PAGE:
Widow of Daesh leader charged
The widow of late Daesh group financial leader Abu Sayyaf was charged on Monday for her alleged role in the death of US aid worker Kayla Mueller last year.
Nisreen Assad Ibrahim Bahar, a 25-year-old known as Umm Sayyaf, was accused of conspiring to provide support to the violent extremists, forcibly detaining Mueller and other captives in the couple's homes, where she was sexually assaulted by Abu Bakr al-Baghdadi.
Bahar acknowledged that Baghdadi "owned" Mueller during her captivity at the Sayyaf residences, describing "owning" as equivalent to slavery, federal prosecutors said.
Daesh fighters claimed that Mueller, who was kidnapped in the Syrian city of Aleppo in August 2013, was killed in a February 2015 coalition air strike that buried her in rubble.
US officials say the circumstances of her death remain unclear. She was 26.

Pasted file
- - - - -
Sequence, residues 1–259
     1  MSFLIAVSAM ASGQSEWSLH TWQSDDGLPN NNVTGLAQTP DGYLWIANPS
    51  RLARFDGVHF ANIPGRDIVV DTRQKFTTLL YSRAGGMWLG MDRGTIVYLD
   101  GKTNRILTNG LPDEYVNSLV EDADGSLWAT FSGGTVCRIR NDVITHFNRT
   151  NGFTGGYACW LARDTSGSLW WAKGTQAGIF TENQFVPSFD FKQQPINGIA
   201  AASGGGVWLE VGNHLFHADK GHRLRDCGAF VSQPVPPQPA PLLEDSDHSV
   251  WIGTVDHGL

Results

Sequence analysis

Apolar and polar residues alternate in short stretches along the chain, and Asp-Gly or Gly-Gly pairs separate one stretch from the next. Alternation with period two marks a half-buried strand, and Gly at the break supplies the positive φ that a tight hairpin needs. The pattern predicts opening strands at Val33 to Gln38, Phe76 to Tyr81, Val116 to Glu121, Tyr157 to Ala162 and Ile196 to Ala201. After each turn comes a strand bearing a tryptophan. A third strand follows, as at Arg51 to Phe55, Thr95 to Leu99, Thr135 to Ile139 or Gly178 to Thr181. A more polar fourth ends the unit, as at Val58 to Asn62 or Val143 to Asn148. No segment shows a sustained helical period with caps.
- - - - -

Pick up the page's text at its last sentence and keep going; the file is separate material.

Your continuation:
Abu Sayyaf was killed in May 2015 in a rare US commando raid inside war-torn Syria.
Bahar was captured during the operation, and US forces also rescued a young woman from the Yazidi minority and seized a stash of firearms, the complaint recalled.
Mueller and other female "captives were at various times handcuffed, held in locked rooms and given orders on a daily basis with respect to their activities, movements and liberty," according to a complaint filed in US District Court in Virginia.
"While in captivity, Kayla Jean Mueller was sexually abused by Baghdadi,” it added.
"The defendant (Bahar) knew how Ms Mueller was treated by Baghdadi when Ms Mueller was held against her will in the defendant's home."
The complaint also alleged that Bahar told the captives that "she would kill them if they did not listen to her."
Bahar admitted that she had sole responsibility for holding the hostages captive while her husband travelled, and that Baghdadi and other members of the group would stay at the residence at times, according to the complaint.
If convicted, Bahar faces life in prison. She is currently in Iraqi custody, facing prosecution for terror-related activities.
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